On the other hand, PM Erdoğan during the AKP’s annual meeting capitalized on public opinion surveys and said that most Turks want the reinstatement of capital (death) penalty so that PKK’s Abdullah Öcalan can be executed. In his words,
“This country changed the law to abolish the death penalty even though the terrorist leader [Öcalan] was given the death penalty…He is residing now on İmralı [island in the Marmara Sea] because of that. A majority of our people want to bring back the death penalty now because the relatives of the killed are in pain.”
Erdoğan went further than that to remind the audience of his commitment to “one nation” despite multiple ethnicities that may exist within it. He also mentioned that the government launched elective Kurdish language courses, highlighting however that this was not because of PKK’s wishes.
One fundamental concern/question arises out of all the aforementioned: how committed is the Turkish government to addressing the very real Kurdish issue? Obviously the hunger strikes are happening, the PKK is waging an intense guerilla war against the government, the pro-Kurdish Peace and Democracy party (BDP) is openly criticizing the government about its stance on the Kurdish issue, and very often there are Kurdish protests and clashes between Kurds and the police. That is to say that there is a Kurdish issue and that it would be nice for a change for all the political powers of the country to acknowledge it instead of being in denial. It would also be helpful if the ruling party decided to genuinely follow some social, political and cultural policies that would eventually integrate the Kurds and their own particularities into the rest of the society and the state apparatuses. That would really be a “winning the hearts and minds” approach, which would bring about real change on this matter, instead of granting minor rights to the Kurds while maintaining a mentality of assimilating them into the “Turkish nation”.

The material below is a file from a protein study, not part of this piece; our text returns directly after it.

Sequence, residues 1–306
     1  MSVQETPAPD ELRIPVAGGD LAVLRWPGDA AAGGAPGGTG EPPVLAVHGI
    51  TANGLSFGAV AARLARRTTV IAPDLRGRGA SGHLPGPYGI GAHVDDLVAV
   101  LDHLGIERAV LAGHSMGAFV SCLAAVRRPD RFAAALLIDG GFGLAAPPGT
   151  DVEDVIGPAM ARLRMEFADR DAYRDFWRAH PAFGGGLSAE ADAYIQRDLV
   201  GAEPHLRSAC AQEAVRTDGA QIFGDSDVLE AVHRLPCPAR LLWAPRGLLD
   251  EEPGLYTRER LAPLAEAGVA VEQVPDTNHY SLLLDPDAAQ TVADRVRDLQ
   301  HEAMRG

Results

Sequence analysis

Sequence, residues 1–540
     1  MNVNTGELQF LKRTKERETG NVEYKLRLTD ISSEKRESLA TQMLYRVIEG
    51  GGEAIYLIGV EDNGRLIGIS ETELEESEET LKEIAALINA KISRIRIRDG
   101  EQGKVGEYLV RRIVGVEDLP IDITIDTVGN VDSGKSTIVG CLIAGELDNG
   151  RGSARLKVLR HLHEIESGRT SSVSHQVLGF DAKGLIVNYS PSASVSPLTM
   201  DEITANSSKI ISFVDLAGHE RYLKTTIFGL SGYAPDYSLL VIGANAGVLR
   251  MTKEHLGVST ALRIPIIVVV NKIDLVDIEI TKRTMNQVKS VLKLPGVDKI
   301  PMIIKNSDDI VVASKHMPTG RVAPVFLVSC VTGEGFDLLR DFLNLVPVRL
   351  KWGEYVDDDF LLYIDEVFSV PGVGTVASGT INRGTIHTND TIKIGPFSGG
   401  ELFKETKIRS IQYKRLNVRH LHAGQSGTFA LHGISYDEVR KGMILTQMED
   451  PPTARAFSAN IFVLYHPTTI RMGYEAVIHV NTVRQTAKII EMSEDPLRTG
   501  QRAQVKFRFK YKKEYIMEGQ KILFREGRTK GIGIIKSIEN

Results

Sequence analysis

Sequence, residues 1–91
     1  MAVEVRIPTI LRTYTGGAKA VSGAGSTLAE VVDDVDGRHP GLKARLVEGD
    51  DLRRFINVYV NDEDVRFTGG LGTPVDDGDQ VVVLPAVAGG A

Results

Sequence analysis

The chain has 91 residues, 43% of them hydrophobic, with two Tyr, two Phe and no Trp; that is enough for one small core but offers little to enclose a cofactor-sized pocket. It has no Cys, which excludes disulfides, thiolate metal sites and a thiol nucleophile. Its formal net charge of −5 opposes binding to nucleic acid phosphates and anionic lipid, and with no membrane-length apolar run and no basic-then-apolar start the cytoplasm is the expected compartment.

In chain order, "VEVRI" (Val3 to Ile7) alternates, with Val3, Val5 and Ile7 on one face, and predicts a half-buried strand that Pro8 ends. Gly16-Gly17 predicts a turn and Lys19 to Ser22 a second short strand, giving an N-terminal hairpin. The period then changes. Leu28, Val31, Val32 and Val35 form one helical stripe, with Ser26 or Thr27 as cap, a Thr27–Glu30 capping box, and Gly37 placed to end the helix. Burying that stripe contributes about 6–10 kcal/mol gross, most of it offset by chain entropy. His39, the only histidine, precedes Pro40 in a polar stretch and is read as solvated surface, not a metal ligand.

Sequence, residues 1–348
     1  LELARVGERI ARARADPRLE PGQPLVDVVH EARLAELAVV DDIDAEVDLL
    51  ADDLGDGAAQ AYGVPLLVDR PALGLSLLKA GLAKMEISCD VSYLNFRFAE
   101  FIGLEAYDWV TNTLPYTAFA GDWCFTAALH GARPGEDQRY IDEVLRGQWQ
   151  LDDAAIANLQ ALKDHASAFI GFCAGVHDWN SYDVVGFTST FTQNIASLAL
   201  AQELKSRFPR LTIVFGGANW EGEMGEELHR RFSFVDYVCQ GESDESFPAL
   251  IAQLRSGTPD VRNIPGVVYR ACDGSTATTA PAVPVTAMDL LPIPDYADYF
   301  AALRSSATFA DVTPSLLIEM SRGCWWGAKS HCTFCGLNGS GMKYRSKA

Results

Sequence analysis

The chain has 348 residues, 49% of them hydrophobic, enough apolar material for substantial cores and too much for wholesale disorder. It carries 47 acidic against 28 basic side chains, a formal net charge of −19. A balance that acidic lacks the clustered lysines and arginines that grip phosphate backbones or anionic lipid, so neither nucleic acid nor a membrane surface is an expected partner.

Devlet Bahçeli’s and, more importantly, PM Erdoğan’s remarks have thrown the whole “hearts and minds” approach out the window. The idea alone that Öcalan should probably be executed because that is what most Turks want disregards entirely what a large portion of the Kurds want and most importantly the PKK, which is the biggest problem right now – no matter what one thinks of the PKK. After all, why would anyone say something like that if he wanted to de-escalate the situation? In the midst of all the problems mentioned above which clearly constitute an escalation in the Kurdish issue (both nationally and regionally) the AKP – as well as other political powers – is clearly showing a more confrontational face on the Kurdish issue; one that in no way resembles the “Kurdish Opening” of 2009 or recent efforts for a multiparty approach to the matter.
04 November 2012
Appeared on Strategy International, 05 November 2012.